Introduction: Several homeostatic changes like an increase in sympathoadrenal response and oxidative stress occur in hypoglycemia. As a result of these findings, an increase in inflammation and pre-atherogenic factors is observed and these changes may lead to endothelial dysfunction. Aim: Our study aims to reveal possible cardiac risks (systolic-diastolic functions and endothelial dysfunctions) in patients who have applied to the emergency department with hypoglycemia. Methods: This cross-sectional, case-control study included 46 hypoglycemia patients who admitted to the emergency with symptoms compatible with hypoglycemia and diagnosed with hypoglycemia and 30 healthy volunteers. All patients were evaluated with baseline echocardiography, tissue-doppler imaging(carotid and brachial artery). Also, the fasting blood tests of the patients referred to the internal medicine department were examined. Results: There were no differences between the groups regarding age, weight, body mass index, and systolic blood pressure. Total cholesterol, LDL, HDL, Vitamin B12, TSH, and fasting blood glucose levels were similar in the groups’ blood tests (all p values>0.05). We observed a statistically significant decrease in diastolic dysfunction parameters: E/A and E/e’ ratios (respectively, p=0.020 and 0.026). It was shown that insulin resistance was influential in forming these considerable differences. The patient group observed that the carotid intima-media thickness was more remarkable(p=0.001), and the brachial flow-mediated dilatation value was smaller(p=0.003), giving an idea about endothelial functions.
Introduction: The development of right atrial (RA) thrombus (RAT) is a known complication of central venous catheter insertion (CVC). Deeper insertion of CVC within the RA may increase the risk for RAT development versus those placed at the superior vena cava (SVC)-RA junction. We sought to evaluate the incidence of catheter-associated RAT as detected by transthoracic echocardiograms (TTEs), characterize thrombi though multimodal imaging, and evaluate thrombi management with follow-up imaging. Methods: A retrospective analysis was conducted of consecutive TTEs from our institution between October 1, 2018, and January 1, 2020 in which a venous catheter was visualized in the RA. Studies were reviewed in detail to determine presence of suspected RAT. Demographic data, comorbidities, laboratory values, characteristics of the catheter and the thrombus, subsequent imaging and management, and outcomes were collected. Results: A total of 364 TTEs were performed in 290 patients with a venous catheter visualized in the RA. Of these 290 patients, 15 had an imaging suspicion for RAT yielding an incidence of 5.2%. Management strategies included anticoagulation in 13 (86.7%) patients and catheter removal in 11 (73.3%) patients. At eight months follow-up, 11 (73.3%) patients had resolution of RAT based on subsequent imaging. Conclusion: In patients with deeply placed CVC catheters, the incidental detection of RAT by TTE was not trivial. Anticoagulation and catheter removal and replacement, if deemed safe, were effective methods of thrombus management. RAT as a complication of CVCs must be accounted for when addressing factors that influence depth of CVC insertion.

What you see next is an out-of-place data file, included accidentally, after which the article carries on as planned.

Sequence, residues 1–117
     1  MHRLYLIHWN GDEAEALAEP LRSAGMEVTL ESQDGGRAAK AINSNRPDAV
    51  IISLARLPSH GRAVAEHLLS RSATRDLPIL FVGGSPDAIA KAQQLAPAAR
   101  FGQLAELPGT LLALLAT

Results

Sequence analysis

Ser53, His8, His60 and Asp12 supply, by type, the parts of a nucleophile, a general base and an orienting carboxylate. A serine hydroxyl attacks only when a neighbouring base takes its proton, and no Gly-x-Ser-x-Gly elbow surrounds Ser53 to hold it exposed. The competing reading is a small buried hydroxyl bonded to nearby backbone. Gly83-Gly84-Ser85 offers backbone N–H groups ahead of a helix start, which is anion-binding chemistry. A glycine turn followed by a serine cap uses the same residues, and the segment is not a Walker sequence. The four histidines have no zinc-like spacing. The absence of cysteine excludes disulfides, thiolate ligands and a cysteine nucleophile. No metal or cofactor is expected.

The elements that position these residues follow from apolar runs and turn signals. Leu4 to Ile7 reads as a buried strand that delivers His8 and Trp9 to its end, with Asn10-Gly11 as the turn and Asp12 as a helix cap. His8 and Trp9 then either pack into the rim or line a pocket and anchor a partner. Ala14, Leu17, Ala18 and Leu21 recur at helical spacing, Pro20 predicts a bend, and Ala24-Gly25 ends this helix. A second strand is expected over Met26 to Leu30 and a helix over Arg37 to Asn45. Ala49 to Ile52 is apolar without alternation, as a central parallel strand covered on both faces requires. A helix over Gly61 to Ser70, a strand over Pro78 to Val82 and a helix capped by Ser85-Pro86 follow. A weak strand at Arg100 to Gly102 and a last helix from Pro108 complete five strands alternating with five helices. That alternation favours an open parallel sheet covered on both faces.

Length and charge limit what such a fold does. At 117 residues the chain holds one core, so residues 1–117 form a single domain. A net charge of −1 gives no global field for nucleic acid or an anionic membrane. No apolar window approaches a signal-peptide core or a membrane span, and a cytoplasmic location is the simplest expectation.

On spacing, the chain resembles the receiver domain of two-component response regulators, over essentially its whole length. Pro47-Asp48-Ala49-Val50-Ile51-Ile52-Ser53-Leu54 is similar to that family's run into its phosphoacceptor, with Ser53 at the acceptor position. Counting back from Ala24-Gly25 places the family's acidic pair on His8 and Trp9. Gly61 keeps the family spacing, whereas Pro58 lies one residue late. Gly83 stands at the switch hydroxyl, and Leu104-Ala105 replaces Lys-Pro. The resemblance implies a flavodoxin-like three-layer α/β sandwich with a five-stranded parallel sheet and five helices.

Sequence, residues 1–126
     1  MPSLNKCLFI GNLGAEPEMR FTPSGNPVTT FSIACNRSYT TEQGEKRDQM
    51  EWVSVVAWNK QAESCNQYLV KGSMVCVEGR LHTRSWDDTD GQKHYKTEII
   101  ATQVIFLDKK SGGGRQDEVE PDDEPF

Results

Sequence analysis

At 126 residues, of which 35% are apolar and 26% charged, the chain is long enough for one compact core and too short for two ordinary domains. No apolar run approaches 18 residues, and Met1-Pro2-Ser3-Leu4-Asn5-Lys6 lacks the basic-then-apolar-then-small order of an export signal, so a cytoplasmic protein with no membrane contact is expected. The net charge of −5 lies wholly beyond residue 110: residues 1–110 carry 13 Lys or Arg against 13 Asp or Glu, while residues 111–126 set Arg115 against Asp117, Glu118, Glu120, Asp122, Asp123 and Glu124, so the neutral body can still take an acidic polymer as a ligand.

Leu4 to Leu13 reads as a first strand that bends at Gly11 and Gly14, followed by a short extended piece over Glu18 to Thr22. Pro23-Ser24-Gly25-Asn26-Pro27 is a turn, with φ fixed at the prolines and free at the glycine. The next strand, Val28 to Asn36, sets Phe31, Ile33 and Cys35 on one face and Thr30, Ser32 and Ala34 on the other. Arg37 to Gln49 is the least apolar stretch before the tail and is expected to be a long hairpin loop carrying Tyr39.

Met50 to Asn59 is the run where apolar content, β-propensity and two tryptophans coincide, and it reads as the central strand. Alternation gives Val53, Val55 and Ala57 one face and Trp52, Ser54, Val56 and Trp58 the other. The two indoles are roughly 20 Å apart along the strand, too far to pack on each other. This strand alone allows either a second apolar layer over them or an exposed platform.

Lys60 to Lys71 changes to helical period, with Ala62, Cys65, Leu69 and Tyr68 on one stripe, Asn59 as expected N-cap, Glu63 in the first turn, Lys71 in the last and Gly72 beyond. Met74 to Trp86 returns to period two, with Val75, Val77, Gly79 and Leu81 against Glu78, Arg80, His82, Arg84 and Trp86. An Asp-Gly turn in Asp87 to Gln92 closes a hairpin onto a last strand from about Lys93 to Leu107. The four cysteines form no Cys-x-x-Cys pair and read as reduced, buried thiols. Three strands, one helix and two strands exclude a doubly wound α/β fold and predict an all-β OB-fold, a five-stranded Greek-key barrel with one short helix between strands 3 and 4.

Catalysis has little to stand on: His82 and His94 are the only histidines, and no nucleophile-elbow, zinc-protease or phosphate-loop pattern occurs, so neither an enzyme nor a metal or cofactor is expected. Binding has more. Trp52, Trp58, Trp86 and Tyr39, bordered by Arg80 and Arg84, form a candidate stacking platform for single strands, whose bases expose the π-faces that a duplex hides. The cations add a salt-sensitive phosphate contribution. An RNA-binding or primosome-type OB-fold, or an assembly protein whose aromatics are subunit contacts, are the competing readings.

Mitral commissural prolapse or flail, either isolated or combined with more extensive degenerative valve disease imposes several challenges both on its diagnosis and management whilst being a risk factor for valve reoperation after mitral valve repair. Accurate identification of the prolapsing segment is often not feasible with transthoracic 2D echocardiography, with transesophageal 3D imaging then required for correct diagnosis and surgical planning. Various surgical techniques employed alone or in combination, have yielded good results in the repair of commissural prolapse. Herein, we analyze the specific characteristics of commissural disease focusing our attention on 2D and 3D echocardiographic findings and we briefly comment on techniques employed for surgical correction of the disease.